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Chinese Private Equity and Hedge Fund Boom

Chinese Private Equity and Hedge Fund Boom

Within the last 3 months, over 4,000 new hedge funds and private equity firms have launched in China.  At the end of May, the number of assets under management increased by $75bn to $433bn according to the Financial Times.

The chairman of hedge fund WinSure Capital has said that the government is encouraging investment and entrepreneurship in finance. He commented that during his 14 year stint in finance, he has never seen regulators so encouraging of innovation. Particularly in the investment industry where he thinks China will begin to take a lead.

Registration procedures for private equity and hedge funds have now been mostly abandoned by Chinese regulators who no longer require a strenuous approval process. The hike in set-up funds has resulted in a rise of fund employment of over 60,000 in the last three months alone.

This may have positive long term effects for the Chinese economy as most of these funds follow long-only strategies because short selling – which is limited by limitations on securities lending – is rarely possible in China.

Whilst western funds rely predominantly on high capital institutional investors for sales channels, their Chinese counterparts use banks and brokerages. Increased scrutiny from retail finance encourages long term investment – value of which is likely to be recognised soon which will prompt more investment.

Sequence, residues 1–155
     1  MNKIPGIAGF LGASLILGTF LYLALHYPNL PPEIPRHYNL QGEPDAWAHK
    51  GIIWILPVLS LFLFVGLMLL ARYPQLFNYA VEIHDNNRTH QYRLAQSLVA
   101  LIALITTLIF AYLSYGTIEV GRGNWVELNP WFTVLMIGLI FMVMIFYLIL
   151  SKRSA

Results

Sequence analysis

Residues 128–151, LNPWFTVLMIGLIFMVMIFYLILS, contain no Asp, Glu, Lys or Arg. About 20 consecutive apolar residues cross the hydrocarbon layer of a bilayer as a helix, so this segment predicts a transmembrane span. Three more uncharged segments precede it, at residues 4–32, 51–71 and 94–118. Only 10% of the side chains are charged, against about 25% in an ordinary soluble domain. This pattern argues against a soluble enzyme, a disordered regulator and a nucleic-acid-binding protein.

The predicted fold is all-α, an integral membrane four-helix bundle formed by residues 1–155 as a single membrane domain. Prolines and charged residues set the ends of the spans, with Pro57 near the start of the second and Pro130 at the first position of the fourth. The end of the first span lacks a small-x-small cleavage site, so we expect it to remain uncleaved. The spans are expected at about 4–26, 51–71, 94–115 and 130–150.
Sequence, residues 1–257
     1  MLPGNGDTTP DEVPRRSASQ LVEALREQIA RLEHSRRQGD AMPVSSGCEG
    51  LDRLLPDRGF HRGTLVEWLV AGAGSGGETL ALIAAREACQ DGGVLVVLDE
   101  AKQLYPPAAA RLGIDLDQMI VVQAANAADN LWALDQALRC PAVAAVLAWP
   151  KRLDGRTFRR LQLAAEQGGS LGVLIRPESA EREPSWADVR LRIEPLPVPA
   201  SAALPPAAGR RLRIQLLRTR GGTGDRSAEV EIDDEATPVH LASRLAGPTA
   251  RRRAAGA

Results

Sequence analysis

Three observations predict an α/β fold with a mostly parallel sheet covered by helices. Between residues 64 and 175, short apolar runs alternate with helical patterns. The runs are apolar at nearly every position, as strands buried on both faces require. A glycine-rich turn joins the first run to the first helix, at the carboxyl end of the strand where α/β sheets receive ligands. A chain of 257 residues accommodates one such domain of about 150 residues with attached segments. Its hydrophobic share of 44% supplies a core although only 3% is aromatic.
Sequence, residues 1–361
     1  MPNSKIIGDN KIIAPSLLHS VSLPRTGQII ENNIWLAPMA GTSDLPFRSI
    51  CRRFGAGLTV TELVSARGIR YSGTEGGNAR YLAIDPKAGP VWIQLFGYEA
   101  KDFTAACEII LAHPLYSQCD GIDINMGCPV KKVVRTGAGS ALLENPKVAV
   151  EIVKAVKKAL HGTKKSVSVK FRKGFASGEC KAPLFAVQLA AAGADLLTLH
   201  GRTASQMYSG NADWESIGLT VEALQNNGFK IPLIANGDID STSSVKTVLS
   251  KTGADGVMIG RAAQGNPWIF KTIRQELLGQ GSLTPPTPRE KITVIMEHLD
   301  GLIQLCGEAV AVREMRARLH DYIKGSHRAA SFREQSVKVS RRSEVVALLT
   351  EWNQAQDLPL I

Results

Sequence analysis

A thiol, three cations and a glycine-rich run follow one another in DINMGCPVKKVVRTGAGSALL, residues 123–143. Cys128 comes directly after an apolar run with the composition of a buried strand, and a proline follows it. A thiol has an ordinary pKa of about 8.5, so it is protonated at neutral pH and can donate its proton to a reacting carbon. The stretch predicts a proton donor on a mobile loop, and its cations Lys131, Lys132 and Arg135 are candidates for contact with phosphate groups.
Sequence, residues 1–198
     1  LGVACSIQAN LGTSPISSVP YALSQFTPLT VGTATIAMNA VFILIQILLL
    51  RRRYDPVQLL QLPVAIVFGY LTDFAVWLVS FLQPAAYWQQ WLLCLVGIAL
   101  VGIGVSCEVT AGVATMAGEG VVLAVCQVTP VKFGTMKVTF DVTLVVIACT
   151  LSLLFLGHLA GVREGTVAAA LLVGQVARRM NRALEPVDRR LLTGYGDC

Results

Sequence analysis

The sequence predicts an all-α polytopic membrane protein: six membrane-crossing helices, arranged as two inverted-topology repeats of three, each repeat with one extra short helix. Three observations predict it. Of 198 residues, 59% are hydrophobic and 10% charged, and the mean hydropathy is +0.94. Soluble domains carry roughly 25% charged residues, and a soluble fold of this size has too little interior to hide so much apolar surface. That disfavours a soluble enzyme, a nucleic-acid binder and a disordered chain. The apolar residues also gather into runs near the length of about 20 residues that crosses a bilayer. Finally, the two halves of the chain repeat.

In the absence of derivative products, Chinese funds are unable to use Western risk hedging techniques. They cannot offset risk through short-term risky products in the same way that the west can. This will have the likely effect of real-value creation in the long term.

A panel of industry executives at a seminar in New York this week said that the Chinese fund industry which emerged in recent months rivals the size of some of its biggest counterparts in Europe and the USA. Whilst low barriers to entry encourage western involvement, the lack of track records, liquidity in crisis, time zone differences and lack of understanding of foreign markets serves as a deterrent. It is however, a path which western investors are likely to follow in the near-future.

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